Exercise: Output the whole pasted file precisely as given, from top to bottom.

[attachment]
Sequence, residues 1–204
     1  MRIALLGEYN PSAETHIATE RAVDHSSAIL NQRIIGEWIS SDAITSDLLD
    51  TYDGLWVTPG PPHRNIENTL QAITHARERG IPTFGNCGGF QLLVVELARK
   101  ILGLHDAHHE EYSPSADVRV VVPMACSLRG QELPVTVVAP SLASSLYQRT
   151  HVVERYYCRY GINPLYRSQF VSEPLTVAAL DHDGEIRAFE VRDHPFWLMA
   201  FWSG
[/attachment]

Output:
Sequence, residues 1–204
     1  MRIALLGEYN PSAETHIATE RAVDHSSAIL NQRIIGEWIS SDAITSDLLD
    51  TYDGLWVTPG PPHRNIENTL QAITHARERG IPTFGNCGGF QLLVVELARK
   101  ILGLHDAHHE EYSPSADVRV VVPMACSLRG QELPVTVVAP SLASSLYQRT
   151  HVVERYYCRY GINPLYRSQF VSEPLTVAAL DHDGEIRAFE VRDHPFWLMA
   201  FWSG